Robert Hutchinson on Henry VIII

Henry VIII has been defined more by his six marriages than who he truly was. In his talk at our Kings and Queens Weekend in March, author and historian Robert Hutchinson will focus on the epic tragedy of the Tudor monarch’s last seven years, revealing a lonely, vulnerable king, thwarted in his ambitions...

Circa 1540, Portrait of Henry VIII of England (1491-1547). Reigned 1509-47. Executed three wives and Thomas More, made union of England and Wales. (Photo by Stock Montage/Getty Images)

We caught up with Robert Hutchinson ahead of his talk, Henry VIII: The Decline and Fall of a Tyrant, at our Kings and Queens Weekend in March…

Q: What can audiences look forward to in your talk?

A: In our own time, Henry VIII has been defined more by his six marriages and sometimes trite television programmes, rather than by who he truly was. Much of the drama and intrigue of the king’s last years has been lost sight of, as well his achievements and painful failures.

Advertisement

You will discover that historical truth is stranger than any fiction – and just as gripping.

Q: Why are you so interested in this particular monarch?

A: My talk will focus on Henry’s last seven turbulent years. The athletic Renaissance prince had long since withered away, leaving a paranoid and psychotic monarch with a dangerous hair-trigger temper, suspicious of everyone, including those close to him. The vultures of disease were now roosting about him as he fought and lost his final frustrating battle against geriatric decay. This is a new, unfamiliar Henry VIII; a vulnerable, frightened and lonely old man for whom time was running out to achieve his childhood’s cherished dreams of battlefield victory and personal glory.

He may be England’s most famous king, but he was also a totalitarian tyrant, reigning over subjects living in mortal fear of his retribution, as well as a royal court locked in febrile, dark conspiracy by those jockeying for influence or power. Obsessed by the need to continue the Tudor dynasty, he was determined to pass on a secure realm to his precious heir, the precocious nine-year-old Prince Edward, no matter at what cost to those who might stand in his way.

Despite his reputation, foul deeds and cruel sense of humour, it is difficult not to feel a scintilla of sympathy for the old ogre, thwarted in almost everything he planned… even down to the completion of his own megalomaniac monument.

For more information about our Kings and Queens Weekend and Robert Hutchinson’s talk on Henry VIII, click here:

 

Robert Hutchinson will talk on Henry VIII.

Q: Tell us something that might surprise or shock us all about this monarch’s life?

A: Henry had little respect for the tiresome protocols of diplomacy and was happy to employ violent, clandestine means to achieve his objectives.

He plotted to kidnap his nephew, James V of Scotland, as well as sundry troublesome papal emissaries. Henry financed the assassination of Cardinal David Beaton, archbishop of St Andrews, although he was careful that his role in the conspiracy was well hidden. Such business, he declared with breathless hypocrisy, was “not meet for kings”.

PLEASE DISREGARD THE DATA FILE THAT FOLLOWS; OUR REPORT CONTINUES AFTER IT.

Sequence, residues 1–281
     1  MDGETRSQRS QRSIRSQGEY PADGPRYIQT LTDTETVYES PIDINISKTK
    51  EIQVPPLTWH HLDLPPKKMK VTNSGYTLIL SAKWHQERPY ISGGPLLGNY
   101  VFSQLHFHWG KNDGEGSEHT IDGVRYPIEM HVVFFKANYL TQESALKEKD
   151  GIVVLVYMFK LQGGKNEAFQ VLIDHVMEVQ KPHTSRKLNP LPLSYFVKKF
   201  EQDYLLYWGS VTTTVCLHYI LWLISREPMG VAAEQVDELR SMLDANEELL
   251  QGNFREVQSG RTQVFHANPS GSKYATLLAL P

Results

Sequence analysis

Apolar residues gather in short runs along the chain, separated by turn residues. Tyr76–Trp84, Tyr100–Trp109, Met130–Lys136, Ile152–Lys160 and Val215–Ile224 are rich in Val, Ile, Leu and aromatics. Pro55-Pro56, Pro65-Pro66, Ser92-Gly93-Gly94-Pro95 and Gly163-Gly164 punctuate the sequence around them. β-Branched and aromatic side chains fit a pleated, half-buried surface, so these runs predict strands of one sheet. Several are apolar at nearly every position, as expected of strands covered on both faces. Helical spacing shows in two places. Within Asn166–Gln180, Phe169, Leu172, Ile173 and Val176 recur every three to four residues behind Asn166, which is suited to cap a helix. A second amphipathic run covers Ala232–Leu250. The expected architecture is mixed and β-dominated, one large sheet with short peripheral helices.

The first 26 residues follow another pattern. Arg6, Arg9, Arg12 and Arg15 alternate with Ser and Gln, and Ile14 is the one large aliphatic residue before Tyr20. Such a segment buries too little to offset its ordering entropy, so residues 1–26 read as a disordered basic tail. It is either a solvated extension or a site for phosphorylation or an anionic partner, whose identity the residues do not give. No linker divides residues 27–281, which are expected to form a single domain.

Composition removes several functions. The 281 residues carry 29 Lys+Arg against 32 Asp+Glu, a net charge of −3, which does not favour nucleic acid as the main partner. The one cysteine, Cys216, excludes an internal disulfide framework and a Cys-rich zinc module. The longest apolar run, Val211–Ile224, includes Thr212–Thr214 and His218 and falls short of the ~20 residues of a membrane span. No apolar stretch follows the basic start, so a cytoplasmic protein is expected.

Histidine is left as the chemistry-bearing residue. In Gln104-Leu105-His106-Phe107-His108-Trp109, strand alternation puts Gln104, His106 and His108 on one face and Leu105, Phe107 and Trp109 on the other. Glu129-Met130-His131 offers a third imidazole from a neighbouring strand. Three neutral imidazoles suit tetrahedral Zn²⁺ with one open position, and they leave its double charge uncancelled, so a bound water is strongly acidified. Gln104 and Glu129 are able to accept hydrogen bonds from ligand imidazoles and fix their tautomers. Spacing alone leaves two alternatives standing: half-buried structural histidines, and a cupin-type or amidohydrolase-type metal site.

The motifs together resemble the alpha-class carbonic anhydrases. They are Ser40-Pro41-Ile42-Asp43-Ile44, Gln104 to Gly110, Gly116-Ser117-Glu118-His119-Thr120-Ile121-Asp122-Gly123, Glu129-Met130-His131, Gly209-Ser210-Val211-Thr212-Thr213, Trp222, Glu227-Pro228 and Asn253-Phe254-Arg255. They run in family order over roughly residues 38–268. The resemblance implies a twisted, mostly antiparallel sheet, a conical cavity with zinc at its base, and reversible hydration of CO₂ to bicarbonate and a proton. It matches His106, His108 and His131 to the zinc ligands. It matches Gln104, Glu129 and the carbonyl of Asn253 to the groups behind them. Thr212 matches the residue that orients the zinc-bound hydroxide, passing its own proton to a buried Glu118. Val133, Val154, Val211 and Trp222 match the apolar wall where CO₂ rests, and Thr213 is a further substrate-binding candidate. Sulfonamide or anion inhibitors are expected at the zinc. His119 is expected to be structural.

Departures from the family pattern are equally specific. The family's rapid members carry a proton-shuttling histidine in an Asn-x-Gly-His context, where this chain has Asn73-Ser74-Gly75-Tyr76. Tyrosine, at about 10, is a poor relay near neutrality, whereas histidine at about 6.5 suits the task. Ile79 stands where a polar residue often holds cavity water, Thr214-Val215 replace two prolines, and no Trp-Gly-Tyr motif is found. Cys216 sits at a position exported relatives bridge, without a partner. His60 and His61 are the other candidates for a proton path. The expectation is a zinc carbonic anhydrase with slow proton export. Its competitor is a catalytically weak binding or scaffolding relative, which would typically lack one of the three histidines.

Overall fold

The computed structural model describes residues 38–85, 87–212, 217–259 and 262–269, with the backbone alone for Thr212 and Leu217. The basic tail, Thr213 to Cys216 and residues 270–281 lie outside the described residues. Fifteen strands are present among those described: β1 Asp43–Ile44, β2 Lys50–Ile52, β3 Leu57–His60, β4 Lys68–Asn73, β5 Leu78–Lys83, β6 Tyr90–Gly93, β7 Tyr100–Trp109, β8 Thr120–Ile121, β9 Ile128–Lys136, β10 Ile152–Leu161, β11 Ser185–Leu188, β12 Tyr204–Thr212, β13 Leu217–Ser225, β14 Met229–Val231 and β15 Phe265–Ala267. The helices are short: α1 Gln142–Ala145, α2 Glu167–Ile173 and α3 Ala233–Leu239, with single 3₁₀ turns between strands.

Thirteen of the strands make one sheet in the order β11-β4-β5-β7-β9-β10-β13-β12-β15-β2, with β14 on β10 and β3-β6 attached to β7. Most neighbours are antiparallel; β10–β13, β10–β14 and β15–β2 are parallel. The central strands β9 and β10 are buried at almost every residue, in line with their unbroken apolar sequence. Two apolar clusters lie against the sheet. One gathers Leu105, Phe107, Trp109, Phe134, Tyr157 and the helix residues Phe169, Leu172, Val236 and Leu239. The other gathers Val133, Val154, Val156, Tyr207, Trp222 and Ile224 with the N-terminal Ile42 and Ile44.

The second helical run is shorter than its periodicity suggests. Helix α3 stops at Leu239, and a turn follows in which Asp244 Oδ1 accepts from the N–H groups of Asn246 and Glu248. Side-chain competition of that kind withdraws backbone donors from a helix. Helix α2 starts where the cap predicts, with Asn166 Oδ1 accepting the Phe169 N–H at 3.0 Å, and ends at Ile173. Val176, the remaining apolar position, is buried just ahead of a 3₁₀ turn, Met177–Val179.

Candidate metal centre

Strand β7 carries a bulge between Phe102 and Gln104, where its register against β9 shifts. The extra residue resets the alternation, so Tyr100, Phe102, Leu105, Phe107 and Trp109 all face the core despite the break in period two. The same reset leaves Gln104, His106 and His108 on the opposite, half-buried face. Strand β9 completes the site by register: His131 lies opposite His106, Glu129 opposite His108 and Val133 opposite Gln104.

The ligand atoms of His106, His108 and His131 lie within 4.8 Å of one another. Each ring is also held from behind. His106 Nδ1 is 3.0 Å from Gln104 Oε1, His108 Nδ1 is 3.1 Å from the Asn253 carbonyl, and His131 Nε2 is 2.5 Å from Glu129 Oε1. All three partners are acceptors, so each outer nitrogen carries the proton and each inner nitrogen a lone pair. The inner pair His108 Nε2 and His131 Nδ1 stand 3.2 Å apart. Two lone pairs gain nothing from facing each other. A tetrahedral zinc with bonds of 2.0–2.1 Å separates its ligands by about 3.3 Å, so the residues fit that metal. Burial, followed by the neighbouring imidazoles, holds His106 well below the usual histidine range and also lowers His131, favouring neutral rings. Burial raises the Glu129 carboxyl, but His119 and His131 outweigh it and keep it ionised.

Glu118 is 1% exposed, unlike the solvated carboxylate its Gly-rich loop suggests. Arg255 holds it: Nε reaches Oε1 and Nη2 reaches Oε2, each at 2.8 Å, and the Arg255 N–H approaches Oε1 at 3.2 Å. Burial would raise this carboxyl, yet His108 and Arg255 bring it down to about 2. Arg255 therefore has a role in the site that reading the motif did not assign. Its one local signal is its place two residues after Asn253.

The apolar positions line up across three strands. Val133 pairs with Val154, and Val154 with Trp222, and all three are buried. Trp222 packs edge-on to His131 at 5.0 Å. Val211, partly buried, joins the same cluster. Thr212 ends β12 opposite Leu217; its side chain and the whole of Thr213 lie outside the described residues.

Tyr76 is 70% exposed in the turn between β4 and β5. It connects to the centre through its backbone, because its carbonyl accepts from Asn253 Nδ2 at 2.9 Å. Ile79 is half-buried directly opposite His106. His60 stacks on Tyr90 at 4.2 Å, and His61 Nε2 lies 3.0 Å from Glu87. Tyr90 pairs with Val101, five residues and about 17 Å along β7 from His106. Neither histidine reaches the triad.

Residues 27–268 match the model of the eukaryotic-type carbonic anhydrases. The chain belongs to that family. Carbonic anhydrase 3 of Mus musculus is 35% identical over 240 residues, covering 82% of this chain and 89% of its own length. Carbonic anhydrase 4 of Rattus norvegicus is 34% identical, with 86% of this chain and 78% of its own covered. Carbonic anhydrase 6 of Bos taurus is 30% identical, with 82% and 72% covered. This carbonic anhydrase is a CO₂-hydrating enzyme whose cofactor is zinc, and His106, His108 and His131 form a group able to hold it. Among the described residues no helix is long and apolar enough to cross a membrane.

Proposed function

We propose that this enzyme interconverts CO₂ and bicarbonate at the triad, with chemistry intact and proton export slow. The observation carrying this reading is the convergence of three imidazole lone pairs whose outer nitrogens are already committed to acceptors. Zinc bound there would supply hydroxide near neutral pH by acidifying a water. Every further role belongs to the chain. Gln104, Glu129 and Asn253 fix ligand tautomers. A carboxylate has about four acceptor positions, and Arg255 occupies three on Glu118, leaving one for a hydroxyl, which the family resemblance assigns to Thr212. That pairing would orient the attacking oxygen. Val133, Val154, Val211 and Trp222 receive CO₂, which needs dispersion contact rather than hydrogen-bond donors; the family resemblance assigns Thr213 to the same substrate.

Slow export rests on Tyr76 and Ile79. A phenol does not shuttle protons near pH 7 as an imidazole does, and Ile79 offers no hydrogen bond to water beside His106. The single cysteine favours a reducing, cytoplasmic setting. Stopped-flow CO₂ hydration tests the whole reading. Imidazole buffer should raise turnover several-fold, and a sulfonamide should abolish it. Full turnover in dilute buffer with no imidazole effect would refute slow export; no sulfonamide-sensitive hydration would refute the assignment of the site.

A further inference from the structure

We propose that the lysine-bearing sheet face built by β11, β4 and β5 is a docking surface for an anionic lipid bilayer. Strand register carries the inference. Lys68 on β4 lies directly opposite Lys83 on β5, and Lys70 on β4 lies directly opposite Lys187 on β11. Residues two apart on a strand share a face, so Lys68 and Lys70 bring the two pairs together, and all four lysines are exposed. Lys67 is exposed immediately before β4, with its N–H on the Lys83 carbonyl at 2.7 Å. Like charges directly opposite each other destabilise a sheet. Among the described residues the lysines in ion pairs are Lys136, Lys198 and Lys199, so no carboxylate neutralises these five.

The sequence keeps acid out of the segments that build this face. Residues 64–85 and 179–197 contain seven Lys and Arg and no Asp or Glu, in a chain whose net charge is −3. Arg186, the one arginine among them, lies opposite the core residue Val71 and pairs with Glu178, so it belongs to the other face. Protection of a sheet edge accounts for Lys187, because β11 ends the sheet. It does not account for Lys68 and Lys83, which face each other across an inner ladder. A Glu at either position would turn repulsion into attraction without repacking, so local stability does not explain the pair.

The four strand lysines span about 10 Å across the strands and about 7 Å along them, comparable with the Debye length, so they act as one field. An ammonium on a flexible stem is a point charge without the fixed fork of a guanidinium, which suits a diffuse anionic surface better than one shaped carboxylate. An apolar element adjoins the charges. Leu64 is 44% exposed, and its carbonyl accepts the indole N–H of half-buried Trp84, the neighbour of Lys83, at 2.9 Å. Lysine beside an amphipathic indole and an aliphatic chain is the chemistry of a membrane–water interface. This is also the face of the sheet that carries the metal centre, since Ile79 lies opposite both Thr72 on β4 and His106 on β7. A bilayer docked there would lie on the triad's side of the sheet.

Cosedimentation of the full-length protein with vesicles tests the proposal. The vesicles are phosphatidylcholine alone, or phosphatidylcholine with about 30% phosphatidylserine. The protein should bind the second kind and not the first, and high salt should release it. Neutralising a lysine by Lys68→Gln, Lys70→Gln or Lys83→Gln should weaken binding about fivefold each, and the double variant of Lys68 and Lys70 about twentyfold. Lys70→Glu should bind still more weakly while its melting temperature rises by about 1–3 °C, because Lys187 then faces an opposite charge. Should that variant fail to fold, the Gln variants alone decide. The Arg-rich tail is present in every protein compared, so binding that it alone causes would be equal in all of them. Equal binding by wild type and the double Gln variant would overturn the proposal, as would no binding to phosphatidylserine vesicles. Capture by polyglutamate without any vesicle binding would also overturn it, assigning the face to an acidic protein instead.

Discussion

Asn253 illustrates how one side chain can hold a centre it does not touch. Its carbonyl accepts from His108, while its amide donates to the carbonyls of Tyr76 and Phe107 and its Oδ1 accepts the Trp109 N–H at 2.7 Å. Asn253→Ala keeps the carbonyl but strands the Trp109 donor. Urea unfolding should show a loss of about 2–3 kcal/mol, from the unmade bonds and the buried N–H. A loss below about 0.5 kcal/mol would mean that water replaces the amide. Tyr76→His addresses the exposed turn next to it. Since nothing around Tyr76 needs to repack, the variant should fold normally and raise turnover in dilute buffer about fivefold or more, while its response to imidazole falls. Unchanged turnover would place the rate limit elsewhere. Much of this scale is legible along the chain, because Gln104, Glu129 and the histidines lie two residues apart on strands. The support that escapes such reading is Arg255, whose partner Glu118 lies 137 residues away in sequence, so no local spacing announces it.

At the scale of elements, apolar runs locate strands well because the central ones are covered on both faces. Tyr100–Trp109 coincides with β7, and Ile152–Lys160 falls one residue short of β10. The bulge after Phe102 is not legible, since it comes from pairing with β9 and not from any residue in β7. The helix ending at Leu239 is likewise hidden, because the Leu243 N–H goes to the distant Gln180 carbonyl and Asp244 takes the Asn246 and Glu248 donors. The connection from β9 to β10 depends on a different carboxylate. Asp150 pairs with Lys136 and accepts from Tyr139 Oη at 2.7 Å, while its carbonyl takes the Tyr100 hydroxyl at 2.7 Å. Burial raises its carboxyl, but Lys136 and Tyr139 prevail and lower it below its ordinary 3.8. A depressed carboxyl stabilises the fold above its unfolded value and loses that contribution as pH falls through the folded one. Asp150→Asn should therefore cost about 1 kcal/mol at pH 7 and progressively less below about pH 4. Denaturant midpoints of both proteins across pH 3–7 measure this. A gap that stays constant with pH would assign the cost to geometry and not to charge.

The king also hired a number of assassins to murder traitors who fled to Europe, particularly Cardinal Reginald Pole, who was the target of the elegant but utterly ruthless Italian gangster, Ludovico da l’Armi.

Q: What’s your favourite little known fact from history?

A: The confrontational layout of today’s House of Commons, with government and opposition benches facing each other, dates from 1547 when the royal chapel of St Stephen at Westminster was dissolved during the Reformation.

After the dissolution of chantries, it became the Commons’ first permanent debating chamber with the Speaker’s chair placed on the altar steps and MPs seated in the choirstalls on either side. Arguably, the tradition of MPs bowing to the Speaker on entering or leaving, is a throw-back to when the high altar still existed in the chapel.

Q: Which three historical figures would you invite to a dinner party, and why?

A: Henry VIII, Thomas Cromwell and the minister’s arch-enemy, Thomas Howard, third duke of Norfolk. Knowing the last two guests’ hatred for each other, swords and daggers should be left outside the dining room.

I am sure there would be no awkward silences, given the forceful personalities involved, but I would have up my sleeve four conversational topics, in the unlikely case that any of them felt shy or inhibited, or if we all survived the meal to drink a glass or two of port:

  1. Should Britain leave or stay in the European Union?
  2. Should the state religion remain Protestant or return to Catholicism?
  3. What do you all think of President Trump?
  4. Have any of you any particular regrets for your actions?

Of course, the food and drink would have to be tasted by the catering staff beforehand for poison.

Q: If you had to live in any historical period, which one would you choose and why?

A: It has to be the golden age of the Edwardian era. I have always enjoyed excess.

Dr Robert Hutchinson is a Tudor historian and archaeologist, whose critically-acclaimed books have been translated into eleven languages. He is a regular broadcaster on British, American, German, Japanese and Australian television.

Advertisement

He will be speaking about Henry VIII at our Kings and Queens Weekend on Saturday 2 March 2019.

Click here to find out more about the event and buy tickets